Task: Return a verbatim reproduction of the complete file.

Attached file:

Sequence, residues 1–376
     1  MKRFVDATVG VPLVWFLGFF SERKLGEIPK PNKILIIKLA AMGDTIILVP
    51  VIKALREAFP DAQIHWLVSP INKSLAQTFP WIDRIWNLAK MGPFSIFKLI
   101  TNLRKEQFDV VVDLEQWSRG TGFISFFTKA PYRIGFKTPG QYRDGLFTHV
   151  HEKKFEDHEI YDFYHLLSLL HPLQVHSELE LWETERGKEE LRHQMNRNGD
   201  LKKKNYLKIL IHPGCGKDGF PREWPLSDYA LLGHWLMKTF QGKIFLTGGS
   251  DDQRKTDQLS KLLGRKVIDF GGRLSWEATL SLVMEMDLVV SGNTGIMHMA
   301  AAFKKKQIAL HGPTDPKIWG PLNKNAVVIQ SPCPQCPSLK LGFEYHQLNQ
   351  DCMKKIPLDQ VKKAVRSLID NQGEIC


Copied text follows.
Sequence, residues 1–376
     1  MKRFVDATVG VPLVWFLGFF SERKLGEIPK PNKILIIKLA AMGDTIILVP
    51  VIKALREAFP DAQIHWLVSP INKSLAQTFP WIDRIWNLAK MGPFSIFKLI
   101  TNLRKEQFDV VVDLEQWSRG TGFISFFTKA PYRIGFKTPG QYRDGLFTHV
   151  HEKKFEDHEI YDFYHLLSLL HPLQVHSELE LWETERGKEE LRHQMNRNGD
   201  LKKKNYLKIL IHPGCGKDGF PREWPLSDYA LLGHWLMKTF QGKIFLTGGS
   251  DDQRKTDQLS KLLGRKVIDF GGRLSWEATL SLVMEMDLVV SGNTGIMHMA
   301  AAFKKKQIAL HGPTDPKIWG PLNKNAVVIQ SPCPQCPSLK LGFEYHQLNQ
   351  DCMKKIPLDQ VKKAVRSLID NQGEIC